The efforts of European bicycle manufacturers to lobby for tariffs to be levied on their international rivals will dampen competition and hurt consumers, writes Bill Wirtz. 

Last week, the European Bicycle Manufacturers Association (EBMA) filed an anti-dumping complaint to the European Commission, demanding immediate action against mass low-cost Chinese productions of e-bikes. According to these manufacturers, Chinese e-bikes are heavily subsidised and dumped on the European market at discounted prices. According to the association, China is "heavily subsidising" and "illegally dumping" large numbers of e-bikes on the European market. The EBMA has submitted an officials complaint with the European Commission, calling for urgent anti-dumping measures on e-bikes from China. 

The EBMA has very clear interests in filing an anti-dumping complaint, as it has already been successful with a similar endeavour this year. Back in February, following an EBMA complaint against China and Taiwan, the European Commission imposed a 34.4 per cent tariff on Chinese bicycles. These tariffs reduce consumer choices and give European manufacturers the breathing space they need for long-term price increases. Suspiciously, the Commission's press release reads exactly the same way as the Bicycle Manufacturers statement: it first displays increases in Chinese products, then shows the effective price differences between local European producers and those originating from Asia.

Tariffs are arbitrary and regressive taxes which hurt the poorest of the poor. A research paper on American tariffs exposed this as recently as January of this year:

"It appears tariffs are imposed in a regressive manner ? in part because expenditures on traded goods are a higher share of income and non-housing consumption among lower income households, but also due to explicit regressivity."

In plain English, tariffs fall disproportionately on those least able to afford them. 

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The paper concludes that the lowest income categories are burdened at 1.5 per cent of disposable income, which is exponentially higher than the wealthier elements of society. For high earners, this percentage is below 0.3.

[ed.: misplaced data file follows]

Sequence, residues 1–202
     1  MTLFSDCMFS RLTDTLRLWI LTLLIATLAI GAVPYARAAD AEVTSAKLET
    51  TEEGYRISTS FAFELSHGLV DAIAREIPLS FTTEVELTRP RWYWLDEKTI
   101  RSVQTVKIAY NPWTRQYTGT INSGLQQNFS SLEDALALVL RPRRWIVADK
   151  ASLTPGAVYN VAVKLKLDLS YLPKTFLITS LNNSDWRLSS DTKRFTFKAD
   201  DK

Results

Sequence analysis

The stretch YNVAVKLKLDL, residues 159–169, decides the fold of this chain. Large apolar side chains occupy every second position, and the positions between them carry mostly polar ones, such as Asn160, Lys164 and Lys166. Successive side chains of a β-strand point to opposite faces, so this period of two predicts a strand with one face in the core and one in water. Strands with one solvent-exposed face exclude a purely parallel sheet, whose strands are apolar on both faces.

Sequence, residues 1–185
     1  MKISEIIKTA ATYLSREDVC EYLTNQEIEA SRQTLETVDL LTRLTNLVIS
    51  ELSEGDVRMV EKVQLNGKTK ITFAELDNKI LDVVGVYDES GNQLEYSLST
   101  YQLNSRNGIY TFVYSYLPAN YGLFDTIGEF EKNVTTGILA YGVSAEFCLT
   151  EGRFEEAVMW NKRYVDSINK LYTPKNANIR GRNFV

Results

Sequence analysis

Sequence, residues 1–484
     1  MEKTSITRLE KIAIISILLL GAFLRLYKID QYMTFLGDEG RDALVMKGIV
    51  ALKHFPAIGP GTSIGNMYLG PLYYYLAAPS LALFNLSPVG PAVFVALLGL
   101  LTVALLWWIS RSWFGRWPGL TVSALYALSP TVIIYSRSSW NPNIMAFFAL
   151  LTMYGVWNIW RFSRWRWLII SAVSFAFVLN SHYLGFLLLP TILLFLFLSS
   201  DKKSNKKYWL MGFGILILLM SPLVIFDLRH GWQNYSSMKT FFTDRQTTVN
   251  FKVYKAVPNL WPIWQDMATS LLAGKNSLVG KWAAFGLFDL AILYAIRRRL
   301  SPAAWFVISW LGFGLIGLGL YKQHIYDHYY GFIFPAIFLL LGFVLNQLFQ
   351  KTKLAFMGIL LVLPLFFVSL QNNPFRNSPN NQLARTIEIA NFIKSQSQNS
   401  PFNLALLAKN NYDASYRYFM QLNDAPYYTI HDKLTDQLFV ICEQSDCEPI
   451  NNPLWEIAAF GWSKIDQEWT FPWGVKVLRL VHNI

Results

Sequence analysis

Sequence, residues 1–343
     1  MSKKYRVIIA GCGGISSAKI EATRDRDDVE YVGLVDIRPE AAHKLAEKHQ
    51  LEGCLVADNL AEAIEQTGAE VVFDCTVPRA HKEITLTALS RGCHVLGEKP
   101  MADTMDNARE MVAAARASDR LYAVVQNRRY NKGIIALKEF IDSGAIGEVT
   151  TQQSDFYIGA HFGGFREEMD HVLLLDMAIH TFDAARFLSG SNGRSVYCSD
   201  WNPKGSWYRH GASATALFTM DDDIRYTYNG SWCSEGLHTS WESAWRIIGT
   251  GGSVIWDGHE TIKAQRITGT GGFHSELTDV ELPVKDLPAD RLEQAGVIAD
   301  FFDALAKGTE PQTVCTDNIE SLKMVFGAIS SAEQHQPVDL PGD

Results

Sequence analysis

The protectionism that the EBMA is proposing hurts the most vulnerable consumers. Its claim that Chinese bikes are indeed heavily subsidised will be subject to an investigation by the European Commission, before it will announce its decision. It stands to reason that the Commission chooses to be careful with the imposition of such tariffs.

The Bicycle Manufacturers Association, tries to claim that new measures would bolster international environmental efforts:

"Anti-dumping measures are clearly in the EU's interest because e-bikes are a strategic, innovative industry for Europe's green and smart e-mobility future, and European consumers and suppliers all want local EU production to prosper."

For consumers, the "green and smart e-mobility" initiative will be more expensive and less likely to succeed if production is limited to the European continent. Market competition has made e-bikes cheaper and more accessible for consumers, in particular for those with low incomes. If the argument of the EBMA was indeed an environmental one, it would welcome a drop in prices, as price competition makes e-bikes and its emissions-free transportation accessible across the board.

As demand for e-bikes continues to grow in Europe, it is the responsibility of the industry itself to find the necessary innovative ideas that appeal to consumers. Their drive to lobby for tariffs is transparently self-serving and clearly detrimental to consumers. Europe needs more competition and consumer choice.

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